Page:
Covid has put paid to a great sporting tradition for the second year – here’s what the fans will be missing
Boxing Day fixtures will be played behind closed doors in Wales this year
FOR many football fans up and down the country, Boxing Day isn’t just a day for Christmas dinner leftovers, family walks and exchanging gifts with distant relatives.
It is a day to return to the terraces and watch the team that they support through pain, despair and if they’re lucky, glory.
Some of us partake in a range of peculiar activities, from taking the plunge in the icy sea to meeting for a traditional hunt with hounds. The proactive bunch shake off their Christmas hangover by starting early on the January sales.
Football fans instead travel home and away, in a festivity that is now truly embedded in British tradition.
The history of Boxing Day football dates back more than 120 years, when on December 26, 1860, the first competitive football match between clubs took place.
The oldest club in the world – Sheffield FC beat Hallam FC 2-0 at Sandygate Road, Sheffield, which is recognised by the Guinness Book of Records as the oldest football ground in the world.
Eleven years later, the tradition of Boxing Day football began, with all English, Welsh and Scottish football leagues taking to the pitch to partake in what th late English football commentator, Stuart Hall, coined “The Beautiful Game.”
In 1888, the newly created Football League included Boxing Day football as a part of the fixture list and it has been present ever since.
Contrary to what happens in other domestic leagues across Europe, football continues on these shores.
It is now an immutable event in the English football calendar with fans from Land’s End to John O’Groats playing close attention to who their side will be against on the day.
But to fully understand the importance of the day, you must strip it all back and focus on the fans, because after all, as the late Jock Stein summed up perfectly “football without fans is nothing.”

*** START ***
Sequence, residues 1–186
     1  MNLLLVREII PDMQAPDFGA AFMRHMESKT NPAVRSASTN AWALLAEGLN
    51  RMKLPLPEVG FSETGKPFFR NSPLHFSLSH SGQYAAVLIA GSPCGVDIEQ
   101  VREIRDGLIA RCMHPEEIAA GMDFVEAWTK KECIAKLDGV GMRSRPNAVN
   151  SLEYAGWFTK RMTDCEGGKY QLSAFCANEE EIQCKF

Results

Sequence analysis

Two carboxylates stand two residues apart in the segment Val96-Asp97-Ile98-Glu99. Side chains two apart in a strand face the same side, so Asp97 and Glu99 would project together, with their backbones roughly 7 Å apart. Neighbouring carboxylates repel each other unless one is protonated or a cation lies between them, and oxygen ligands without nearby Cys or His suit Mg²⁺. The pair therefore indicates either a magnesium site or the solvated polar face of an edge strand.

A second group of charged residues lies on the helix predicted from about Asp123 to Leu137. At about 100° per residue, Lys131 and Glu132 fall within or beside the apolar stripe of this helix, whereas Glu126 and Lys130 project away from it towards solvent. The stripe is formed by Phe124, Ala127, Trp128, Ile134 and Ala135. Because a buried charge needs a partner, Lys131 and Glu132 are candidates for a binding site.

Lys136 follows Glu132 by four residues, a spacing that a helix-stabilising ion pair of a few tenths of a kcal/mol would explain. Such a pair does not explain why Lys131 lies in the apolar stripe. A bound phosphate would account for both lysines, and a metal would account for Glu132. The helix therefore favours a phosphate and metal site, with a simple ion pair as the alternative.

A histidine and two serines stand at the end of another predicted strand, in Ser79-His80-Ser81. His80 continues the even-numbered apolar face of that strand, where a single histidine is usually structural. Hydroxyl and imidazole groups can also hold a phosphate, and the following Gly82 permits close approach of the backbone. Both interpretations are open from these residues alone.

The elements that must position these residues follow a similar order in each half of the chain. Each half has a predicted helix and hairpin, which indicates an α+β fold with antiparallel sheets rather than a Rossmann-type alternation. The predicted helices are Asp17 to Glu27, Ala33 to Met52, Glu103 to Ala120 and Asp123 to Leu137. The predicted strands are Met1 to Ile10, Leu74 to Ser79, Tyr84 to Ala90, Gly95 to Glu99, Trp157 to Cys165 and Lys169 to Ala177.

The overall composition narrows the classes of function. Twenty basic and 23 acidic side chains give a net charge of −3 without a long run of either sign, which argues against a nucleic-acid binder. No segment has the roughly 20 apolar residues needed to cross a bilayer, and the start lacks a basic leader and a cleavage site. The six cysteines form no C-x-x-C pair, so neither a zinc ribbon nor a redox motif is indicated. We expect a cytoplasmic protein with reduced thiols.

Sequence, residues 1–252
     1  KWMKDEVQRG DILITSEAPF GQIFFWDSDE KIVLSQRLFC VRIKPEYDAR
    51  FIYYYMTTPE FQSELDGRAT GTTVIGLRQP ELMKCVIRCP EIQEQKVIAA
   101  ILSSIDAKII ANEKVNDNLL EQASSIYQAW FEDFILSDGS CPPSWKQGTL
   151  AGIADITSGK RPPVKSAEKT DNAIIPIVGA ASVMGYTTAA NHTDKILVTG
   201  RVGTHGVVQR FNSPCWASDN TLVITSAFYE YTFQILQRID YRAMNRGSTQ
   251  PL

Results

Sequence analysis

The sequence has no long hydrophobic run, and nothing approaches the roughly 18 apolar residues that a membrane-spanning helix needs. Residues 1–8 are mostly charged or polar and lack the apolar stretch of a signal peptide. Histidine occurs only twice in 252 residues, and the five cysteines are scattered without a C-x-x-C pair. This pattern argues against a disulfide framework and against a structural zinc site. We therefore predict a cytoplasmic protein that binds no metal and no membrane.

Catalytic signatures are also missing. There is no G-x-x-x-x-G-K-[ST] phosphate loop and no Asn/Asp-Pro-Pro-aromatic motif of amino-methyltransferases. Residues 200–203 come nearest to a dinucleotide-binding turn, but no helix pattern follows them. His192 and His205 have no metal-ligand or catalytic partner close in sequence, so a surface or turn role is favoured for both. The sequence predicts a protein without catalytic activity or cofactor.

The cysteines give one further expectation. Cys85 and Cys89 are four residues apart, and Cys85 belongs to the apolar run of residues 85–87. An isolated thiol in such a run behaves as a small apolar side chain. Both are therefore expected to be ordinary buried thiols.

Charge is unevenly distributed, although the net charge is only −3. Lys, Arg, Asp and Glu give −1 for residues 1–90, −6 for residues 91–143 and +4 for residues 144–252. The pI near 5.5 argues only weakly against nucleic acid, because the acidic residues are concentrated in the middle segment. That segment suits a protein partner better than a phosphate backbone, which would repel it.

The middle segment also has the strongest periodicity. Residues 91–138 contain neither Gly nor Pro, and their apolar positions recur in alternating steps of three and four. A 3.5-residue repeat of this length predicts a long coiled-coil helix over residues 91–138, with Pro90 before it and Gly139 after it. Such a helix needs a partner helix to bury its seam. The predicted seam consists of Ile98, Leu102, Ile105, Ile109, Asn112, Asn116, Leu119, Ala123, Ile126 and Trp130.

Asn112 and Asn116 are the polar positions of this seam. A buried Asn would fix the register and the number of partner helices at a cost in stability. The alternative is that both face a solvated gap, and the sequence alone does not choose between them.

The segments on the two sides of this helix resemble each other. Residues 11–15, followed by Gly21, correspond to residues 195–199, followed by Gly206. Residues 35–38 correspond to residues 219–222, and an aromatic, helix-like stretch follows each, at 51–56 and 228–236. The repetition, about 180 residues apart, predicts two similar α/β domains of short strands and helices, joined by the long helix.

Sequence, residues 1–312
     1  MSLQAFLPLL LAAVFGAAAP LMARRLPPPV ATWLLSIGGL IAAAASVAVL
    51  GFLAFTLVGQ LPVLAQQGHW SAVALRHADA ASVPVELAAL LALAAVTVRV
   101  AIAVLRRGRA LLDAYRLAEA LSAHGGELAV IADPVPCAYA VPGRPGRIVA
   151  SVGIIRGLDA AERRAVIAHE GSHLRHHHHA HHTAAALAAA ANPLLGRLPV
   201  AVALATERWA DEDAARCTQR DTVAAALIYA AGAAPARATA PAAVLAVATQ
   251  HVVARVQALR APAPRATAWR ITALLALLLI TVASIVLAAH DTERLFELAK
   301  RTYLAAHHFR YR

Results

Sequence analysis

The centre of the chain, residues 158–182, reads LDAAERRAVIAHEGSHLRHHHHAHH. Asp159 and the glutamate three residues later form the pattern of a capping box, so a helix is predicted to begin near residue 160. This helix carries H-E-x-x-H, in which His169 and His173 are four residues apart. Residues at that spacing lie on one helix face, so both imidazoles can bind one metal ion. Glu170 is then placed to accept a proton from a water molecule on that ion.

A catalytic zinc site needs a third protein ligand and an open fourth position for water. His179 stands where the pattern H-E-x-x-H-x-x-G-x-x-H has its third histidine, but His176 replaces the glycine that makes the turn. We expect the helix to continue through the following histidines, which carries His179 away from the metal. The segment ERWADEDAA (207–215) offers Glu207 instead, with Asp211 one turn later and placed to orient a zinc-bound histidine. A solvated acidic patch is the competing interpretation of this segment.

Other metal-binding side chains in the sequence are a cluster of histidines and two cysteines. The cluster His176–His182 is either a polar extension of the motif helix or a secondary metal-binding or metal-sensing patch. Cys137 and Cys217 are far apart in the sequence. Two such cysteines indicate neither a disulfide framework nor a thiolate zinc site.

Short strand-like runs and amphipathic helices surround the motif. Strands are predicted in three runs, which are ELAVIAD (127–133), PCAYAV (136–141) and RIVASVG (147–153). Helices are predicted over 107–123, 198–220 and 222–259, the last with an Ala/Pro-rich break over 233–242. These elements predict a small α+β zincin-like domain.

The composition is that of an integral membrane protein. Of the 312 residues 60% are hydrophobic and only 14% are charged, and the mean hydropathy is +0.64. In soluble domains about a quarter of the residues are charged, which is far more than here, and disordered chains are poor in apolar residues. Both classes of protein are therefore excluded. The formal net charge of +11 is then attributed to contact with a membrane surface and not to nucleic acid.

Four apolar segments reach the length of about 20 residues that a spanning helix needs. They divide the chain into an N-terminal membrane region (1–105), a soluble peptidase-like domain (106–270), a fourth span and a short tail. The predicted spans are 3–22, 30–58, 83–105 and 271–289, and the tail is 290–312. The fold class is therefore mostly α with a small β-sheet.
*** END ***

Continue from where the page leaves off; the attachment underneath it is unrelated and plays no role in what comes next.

Cardiff City fan Ben Jones, 35, who lives on Corvette Court, said: “As a Cardiff City supporter, going to watch football on Boxing Day (either home or away) is an important event in the calendar. “It is the highlight of the Christmas holidays.”
“As a Cardiff City supporter, going to watch football on Boxing Day is an important event in the calendar.”
Ben Jones, Cardiff City Fan
Mr Jones was hoping to be attending the Cardiff City Stadium on Boxing Day to see the Bluebirds face Coventry City.
However, the fixture is now being played without fans after the Welsh Government announced that all sporting fixtures in Wales will be played behind-closed-doors from 26 December.
“It is a big social event and a great way to be part of the football community,” Ben added.
This view was shared by fellow Cardiff supporter, Christopher Alexander, 62, who was also planning to attend the game with his friend and neighbour.
Mr Alexander, who lives on Larch Drive, Llantrisant, said: “It is always a great atmosphere on Boxing Day, as people can have a pint and enjoy themselves over the Christmas period.
“I really missed it last year, even though I had Cardiff City TV so I could watch the game at home, it is just not the same not being there.
“I was really looking forward to being back this year.”
This said, it is not just fans who would have benefitted from the return of football this year, the football clubs themselves would have also reaped the rewards.